Look at Kfar Sava
I'm always sad when Dad doesn't like my columns. He waits for them every week and usually likes them, in which case he doesn't say a word - it's only if he's critical that he bothers to call.
When the car radio jumped from Army Radio to Radio Palestine, I was on edge. No, that's not it. I'm sad. I've been haunted by a feeling of gloom and helplessness since my last visit to Tira. For some reason, at midday on Friday the digital radio in the car decided somewhere about halfway between Jerusalem and Tira to move from Army Radio to Radio Palestine. The station was broadcasting the Friday sermon from a mosque. A moment before I switched back, I heard the imam talking about optimism in Islam, and I decided to keep listening. Well, according to this imam, who certainly displayed expertise in the material and made use of quotations from the Prophet Mohammed and other stories, a Muslim is not allowed to be pessimistic. Optimism is the Muslim's natural state and he must cling to optimism and spurn pessimism, even when the going gets very tough.
The sermon somehow cheered me up, especially when I passed the airport as another plane took off. "Look kids," I cried out happily, "a plane." The children responded apathetically. My daughter, who has already learned how to be a cynic, said she was fed up with my saying "Kids, a plane" every time we drive past the airport, but never bothering to take us on one.
"When do we get to Tira?" my young son asked.
"Another 20 minutes," I told him.
"You're a real optimist," my wife chipped in.
Two scorched cars were parked along the road at the entrance to the neighborhood. "They were burned yesterday," my father said, then smiled, guffawed and coughed in response to my question of "Why?"
"You don't need any reasons in order to burn cars here," he said, and then scolded me as usual: "Your column was really cruddy today. Don't you have anything left to write about?"
I'm always sad when Dad doesn't like my columns. He waits for them every week and usually likes them, in which case he doesn't say a word - it's only if he's critical that he bothers to call. "Here, look," he said, going to the Internet, "even the commenters agree with me," and he started to read the worst ones aloud.
"Will you please stop," I begged.
"It's not so terrible," Mom intervened, as usual trying to cool things down. "Next week, inshallah, he'll improve and write something decent."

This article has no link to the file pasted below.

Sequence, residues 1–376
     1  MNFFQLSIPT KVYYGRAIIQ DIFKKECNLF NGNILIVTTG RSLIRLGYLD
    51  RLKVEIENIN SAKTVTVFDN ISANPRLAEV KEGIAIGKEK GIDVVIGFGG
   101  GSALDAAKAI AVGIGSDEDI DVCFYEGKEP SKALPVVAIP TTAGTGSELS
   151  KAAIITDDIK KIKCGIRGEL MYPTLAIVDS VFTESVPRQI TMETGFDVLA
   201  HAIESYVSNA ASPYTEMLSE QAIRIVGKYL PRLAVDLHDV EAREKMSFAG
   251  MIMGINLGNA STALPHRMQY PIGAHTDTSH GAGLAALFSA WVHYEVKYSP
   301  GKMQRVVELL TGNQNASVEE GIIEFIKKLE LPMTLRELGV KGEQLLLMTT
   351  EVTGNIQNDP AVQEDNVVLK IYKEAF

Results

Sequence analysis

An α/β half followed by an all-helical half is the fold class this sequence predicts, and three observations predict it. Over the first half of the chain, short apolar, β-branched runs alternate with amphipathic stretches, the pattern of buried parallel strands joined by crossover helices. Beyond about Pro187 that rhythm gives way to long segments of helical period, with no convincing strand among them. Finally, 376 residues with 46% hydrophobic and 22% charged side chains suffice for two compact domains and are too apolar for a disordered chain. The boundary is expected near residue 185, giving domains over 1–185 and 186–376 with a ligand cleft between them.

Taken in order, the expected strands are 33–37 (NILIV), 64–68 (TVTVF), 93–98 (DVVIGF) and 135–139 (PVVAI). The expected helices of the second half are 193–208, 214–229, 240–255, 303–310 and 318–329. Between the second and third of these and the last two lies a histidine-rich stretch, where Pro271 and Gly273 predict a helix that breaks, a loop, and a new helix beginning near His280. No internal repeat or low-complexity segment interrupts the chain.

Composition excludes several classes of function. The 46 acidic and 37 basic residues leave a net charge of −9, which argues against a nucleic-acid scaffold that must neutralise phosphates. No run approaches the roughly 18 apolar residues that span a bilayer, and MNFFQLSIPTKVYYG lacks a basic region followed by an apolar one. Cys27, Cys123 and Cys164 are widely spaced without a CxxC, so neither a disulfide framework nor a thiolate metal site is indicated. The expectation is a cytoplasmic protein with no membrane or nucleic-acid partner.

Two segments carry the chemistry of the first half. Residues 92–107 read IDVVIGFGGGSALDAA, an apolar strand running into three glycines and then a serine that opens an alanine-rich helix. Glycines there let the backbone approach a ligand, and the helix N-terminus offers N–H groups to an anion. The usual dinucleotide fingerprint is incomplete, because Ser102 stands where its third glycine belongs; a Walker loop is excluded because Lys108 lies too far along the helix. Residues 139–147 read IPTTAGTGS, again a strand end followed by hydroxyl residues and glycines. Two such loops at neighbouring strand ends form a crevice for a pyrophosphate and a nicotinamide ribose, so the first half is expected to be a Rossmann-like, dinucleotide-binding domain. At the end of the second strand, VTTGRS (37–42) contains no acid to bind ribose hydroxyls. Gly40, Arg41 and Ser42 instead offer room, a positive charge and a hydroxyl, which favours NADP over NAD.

"Yes, let's be optimistic," Dad said and sat back down on the La-Z-Boy, zapping between news channels.
We were obliged to visit Tira this time. Mom had told me over the phone that a cousin of mine, the same age as me, was hospitalized, and that an uncle who had had an operation was now getting chemotherapy. Besides, the children missed the place a lot. There's no place where my children like to spend the weekend more than Tira. Me, too, to tell the truth.
I went to Meir Hospital in Kfar Sava with my brother. "Yo," he said as he walked over to his car in front of the house. "Look at this," he said, pointing to a small bump in the trunk.
"It's nothing," I said, "nothing. You can hardly see it."
"Take a closer look," he said, and pointed to the spot: a bullet was lodged in the trunk.
"What's that? Since when has that been there?"
"How should I know?" he chuckled, as though it was routine. "I haven't checked the trunk for a long time, so who knows when I took a hit." He got into the car, started it up, and we drove off.
"You're the smartest one in the family," my cousin said, extending his left arm with difficulty to shake my hand. "I'm also thinking seriously about leaving," he added with a groan of pain as he lay on the hospital bed, recovering from operations he had undergone after a car accident. At the beginning of the week he was driving home after finishing a shift in the hospital where he works. A few kilometers before Tira, he saw lights hurtling toward him at an insane speed. He hugged the safety rail on the edge of the road. The car moving toward him flipped over a few times and landed on his car. Two 19-year-olds who were in it were killed instantly.
"Things have become absolutely intolerable," he said, and mentioned the name of another physician from the family who works in the hospital where he was a patient. "That's it, he's had it. He's going back to Germany - well, he studied there and he knows German, so that's great for him."
Something bad is happening to the residents of Tira. True, things were always bad, but in recent visits all I've heard is stories about violence that have made life there impossible. "After 10 o'clock it turns into the wild west," the brother of the hospitalized cousin said. "For a few days I couldn't understand why we had no hot water in the house. I go up to the roof to see what the problem is and I see that the solar heating panels are broken from bullets that landed on the roof."
"Look at Kfar Sava," my brother said as we started to drive home, and then fell silent.
"Look at Kfar Sava" is what my father used to say whenever we passed Kfar Sava when we were kids sitting in the back seat of the Susita. "Look at Kfar Sava" he would guffaw, and then fall silent.
"We're also thinking of moving," my brother said.
"I don't know," he said. "But I do know it will be to any place where people don't fire 16 bullets into a teacher's car that's parked next to the school while the children are at recess. We're thinking about Canada."
"I don't see any future here."
It's so sad to see Tira like this. So sad to know that people who want only to live quietly and raise their children and invest in their education, are living in fear because of the absence of the state. Helpless people who can't escape the hell that a few hundred or maybe only a few dozen hoodlums are foisting on a whole town. "You know," I told him with complete faith, "we have to be optimistic."